Kettle Foods Installs 18 Small Turbines


I love these chips.  Oregon-based Kettle Foods just received the LEED Gold certification for their new 73,000 sf chip facility in Beloit, Wisconsin.  As you would expect with a LEED certified building, it has a lot of green aspects, including energy-efficient equipment, water filtration and conservation equipment, and low-VOC, healthy materials.  They also installed 18 wind turbines on the roof, which, according to a press release, will generate enough electricity to produce 56,000 bags of chips every year.

More precisely, those 18 Aerovironment parapet wind turbines are projected to produce 28,000 kilowatt hours of power per year under normal wind conditions. 

The turbine design is gaining in popularity and has received critical praise, receiving the Red Dot International Design award and a 2007 Annual Design Review award.  It's meant for quick, easy installations on new or existing tilt-up or pre-cast buildings, and several companies are starting to experiment with the product. 




[+] Read more about this AeroVironment installation.


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  • Jay

    they sell those at costco right? i think i had a sample.

  • Denis

    I saw this company’s presentation at Power-Gen Renewables last year. They’ve given serious thought to the problems — wind flows oddly off the face of a building — and introduced a leading-edge product line. Like laying thin-film solar flat on a Wal-Mart roof, a little efficiency is better than none. And 18 visible props are better PR than invisible PV. It’s up to the owner to secure wind easements across its neighbors.

  • Christopher Haase

    What I would like to see is a ROI (Return on Investment) study of these projects.

    Here in Wisconsin, wind and solar are fools gold when compared to traditional geothermal, thermoelectric and co-generation industrial gains.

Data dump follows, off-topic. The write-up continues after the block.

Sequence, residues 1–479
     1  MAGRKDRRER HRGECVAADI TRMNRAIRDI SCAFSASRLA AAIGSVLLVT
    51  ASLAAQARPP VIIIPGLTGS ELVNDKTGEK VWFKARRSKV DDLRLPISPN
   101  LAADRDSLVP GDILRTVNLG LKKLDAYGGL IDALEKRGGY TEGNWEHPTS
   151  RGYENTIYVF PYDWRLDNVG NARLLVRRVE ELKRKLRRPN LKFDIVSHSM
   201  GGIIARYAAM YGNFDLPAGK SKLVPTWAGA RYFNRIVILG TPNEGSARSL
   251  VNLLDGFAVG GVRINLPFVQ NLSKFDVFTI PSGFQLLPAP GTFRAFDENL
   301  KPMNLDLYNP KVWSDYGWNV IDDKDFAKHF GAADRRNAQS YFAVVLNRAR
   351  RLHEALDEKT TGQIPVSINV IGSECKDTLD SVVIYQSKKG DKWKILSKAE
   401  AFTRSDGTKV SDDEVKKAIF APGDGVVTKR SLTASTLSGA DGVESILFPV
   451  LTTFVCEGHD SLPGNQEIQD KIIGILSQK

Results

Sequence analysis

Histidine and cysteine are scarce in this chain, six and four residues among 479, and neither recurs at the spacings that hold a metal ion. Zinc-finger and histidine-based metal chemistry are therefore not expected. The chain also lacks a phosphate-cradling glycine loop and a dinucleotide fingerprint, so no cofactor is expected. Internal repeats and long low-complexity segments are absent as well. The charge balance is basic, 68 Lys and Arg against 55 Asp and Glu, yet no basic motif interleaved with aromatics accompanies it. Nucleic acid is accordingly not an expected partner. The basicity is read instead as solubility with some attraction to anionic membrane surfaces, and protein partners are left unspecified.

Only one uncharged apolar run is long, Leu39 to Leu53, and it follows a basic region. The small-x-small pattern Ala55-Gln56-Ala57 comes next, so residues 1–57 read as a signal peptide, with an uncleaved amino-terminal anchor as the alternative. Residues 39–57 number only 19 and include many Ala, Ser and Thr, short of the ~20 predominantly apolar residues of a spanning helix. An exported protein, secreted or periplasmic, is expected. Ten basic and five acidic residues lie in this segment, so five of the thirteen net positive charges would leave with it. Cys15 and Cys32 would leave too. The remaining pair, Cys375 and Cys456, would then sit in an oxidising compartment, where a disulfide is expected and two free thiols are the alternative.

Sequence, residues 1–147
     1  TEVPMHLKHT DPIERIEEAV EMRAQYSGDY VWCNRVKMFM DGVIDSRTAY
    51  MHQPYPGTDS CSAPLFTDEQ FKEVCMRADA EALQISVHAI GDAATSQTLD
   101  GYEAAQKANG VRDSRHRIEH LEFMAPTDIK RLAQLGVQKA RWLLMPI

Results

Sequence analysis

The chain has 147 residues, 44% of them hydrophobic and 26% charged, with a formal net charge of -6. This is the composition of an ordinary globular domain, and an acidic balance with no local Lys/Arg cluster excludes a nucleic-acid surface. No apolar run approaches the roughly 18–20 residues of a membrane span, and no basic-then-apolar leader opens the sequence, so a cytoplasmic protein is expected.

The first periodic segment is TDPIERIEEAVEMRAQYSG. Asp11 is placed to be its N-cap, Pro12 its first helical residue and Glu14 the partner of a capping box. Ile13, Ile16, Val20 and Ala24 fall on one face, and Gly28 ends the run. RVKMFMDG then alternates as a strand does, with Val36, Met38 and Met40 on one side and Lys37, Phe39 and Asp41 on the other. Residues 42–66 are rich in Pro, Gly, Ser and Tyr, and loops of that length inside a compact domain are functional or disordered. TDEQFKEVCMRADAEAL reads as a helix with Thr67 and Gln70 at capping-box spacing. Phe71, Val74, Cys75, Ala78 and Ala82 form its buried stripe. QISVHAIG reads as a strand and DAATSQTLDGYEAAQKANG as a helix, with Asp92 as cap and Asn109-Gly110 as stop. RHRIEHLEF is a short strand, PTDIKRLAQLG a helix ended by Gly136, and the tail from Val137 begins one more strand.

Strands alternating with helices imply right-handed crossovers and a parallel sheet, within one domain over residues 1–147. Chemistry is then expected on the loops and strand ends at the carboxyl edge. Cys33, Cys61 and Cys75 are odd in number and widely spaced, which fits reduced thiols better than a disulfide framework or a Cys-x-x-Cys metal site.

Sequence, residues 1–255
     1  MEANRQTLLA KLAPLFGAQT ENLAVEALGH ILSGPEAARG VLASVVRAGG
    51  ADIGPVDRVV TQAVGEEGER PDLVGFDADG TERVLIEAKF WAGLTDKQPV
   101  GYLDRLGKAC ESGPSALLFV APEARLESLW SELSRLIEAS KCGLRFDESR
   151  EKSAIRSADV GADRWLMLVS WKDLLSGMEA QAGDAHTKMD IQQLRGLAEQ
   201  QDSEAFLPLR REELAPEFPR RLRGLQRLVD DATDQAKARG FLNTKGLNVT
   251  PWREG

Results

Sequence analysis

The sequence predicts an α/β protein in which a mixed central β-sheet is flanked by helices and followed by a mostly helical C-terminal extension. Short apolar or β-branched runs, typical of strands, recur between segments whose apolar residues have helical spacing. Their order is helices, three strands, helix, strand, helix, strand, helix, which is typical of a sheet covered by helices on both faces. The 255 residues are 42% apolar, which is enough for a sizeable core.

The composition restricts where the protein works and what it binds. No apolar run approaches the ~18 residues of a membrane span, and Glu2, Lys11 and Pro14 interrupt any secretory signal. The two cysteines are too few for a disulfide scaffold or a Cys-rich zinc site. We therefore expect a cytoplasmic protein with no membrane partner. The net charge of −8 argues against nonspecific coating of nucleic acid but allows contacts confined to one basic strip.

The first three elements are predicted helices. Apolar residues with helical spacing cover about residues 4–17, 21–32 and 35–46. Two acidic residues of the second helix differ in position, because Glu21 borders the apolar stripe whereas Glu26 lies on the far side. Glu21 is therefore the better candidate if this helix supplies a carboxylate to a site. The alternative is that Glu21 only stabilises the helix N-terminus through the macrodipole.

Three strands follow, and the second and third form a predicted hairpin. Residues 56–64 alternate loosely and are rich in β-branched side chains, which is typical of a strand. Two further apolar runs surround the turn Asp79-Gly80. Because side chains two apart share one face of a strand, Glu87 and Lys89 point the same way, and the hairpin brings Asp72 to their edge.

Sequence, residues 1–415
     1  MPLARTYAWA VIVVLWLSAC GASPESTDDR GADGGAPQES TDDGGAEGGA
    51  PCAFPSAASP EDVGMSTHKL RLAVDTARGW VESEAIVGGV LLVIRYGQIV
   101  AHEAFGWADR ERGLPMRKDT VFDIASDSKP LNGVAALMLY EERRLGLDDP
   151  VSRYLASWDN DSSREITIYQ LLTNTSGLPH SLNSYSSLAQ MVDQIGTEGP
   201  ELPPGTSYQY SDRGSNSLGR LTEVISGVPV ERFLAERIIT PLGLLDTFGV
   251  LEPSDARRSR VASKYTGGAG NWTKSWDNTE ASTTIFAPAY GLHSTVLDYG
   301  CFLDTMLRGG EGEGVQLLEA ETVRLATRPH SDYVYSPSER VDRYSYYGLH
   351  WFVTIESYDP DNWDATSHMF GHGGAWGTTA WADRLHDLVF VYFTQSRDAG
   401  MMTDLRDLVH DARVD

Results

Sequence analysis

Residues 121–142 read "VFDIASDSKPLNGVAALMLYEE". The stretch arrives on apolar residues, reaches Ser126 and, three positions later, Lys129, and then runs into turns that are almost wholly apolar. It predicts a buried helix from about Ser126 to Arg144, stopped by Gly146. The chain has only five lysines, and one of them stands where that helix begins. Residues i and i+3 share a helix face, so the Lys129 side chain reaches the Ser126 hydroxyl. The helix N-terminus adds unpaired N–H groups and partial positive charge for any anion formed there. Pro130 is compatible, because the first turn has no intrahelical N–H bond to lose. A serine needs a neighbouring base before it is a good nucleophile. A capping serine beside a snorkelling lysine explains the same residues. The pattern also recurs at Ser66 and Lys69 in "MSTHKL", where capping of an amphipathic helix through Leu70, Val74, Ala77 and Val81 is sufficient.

While “wind and solar” are MAJOR ROI projects for the southwest and southeast coasts… Wisconsin has very limited “wind and solar” capacity.

    However, Wisconsin like many naturally gifted northern states has nearly “unlimited” sources of renewable energy that have 2-3 year ROI’s.

    Typically large scale manufacturing facilities utilize co-generation equipment and building geothermal heat sources before investing $1,000’s in “low yield” systems (largest annual bills for manufacturing).

    Just running a packaging or automated bagger for a week can blow through a years worth of “wind and solar” power in Wisconsin.

    But, Kettle Foods’ has really done a great job all around.
    • Filtering and reusing wash watery
    • Offsetting 100 percent of electricity use with renewable wind power
    • Converting used cooking oil into biodiesel
    • Dedicating five acres to restoration of native prairie land
    • Sourcing more than 35 percent of building materials from within 500 miles of the project site
    • Protecting indoor air quality with Green Seal building material and extensive ventilation for fresh air
    • Providing quality work environments with natural light and outdoor views for all workers

    They really lead by example.

    I only recommend them using geothermal and co-generation resources because they appear to be the kind of company who “gets it”.


  • potatohead

    56000 bags of chips isnt very much. Not sure of the size of their plant, but its probably comparable to the output of one 8 hour shift worth of production

  • Uncle B

    18 Turbines Produce 56k Bags of Really Good Chips!
    Every amount , no matter how small, that goes towards ending the tyrannical OPEC stranglehold on the U.S.A. and the free world, is a step towards a better life for all humanity. We can’t bring democracy to a starving, disorganized world if we are constantly blackmailed for our way of life. We need to overcome oil dependence. We need to rise above the V-8 gasoline engine and electrify the world, with electric cars! This is one step in the right direction, What have you done today to get free?

  • Andrea

    You need to check and correct some important figures in this article:
    Per Kettle Foods website the 18 AeroVironment wind turbines produce 2,200 kWh per year, not 28,000 kWh per year.

    Per the dashboard on the site they have produced 5,360 kWh since installation in September 2007.

    Nevertheless, I commend KF for their considerable and ongoing efforts. Important to mention their 114kW PV system on their Portland OR facility.

  • Preston

    Andrea, thanks for the update, but those figures are direct from AeroVironment from 2007. The press release is still active and linked above.

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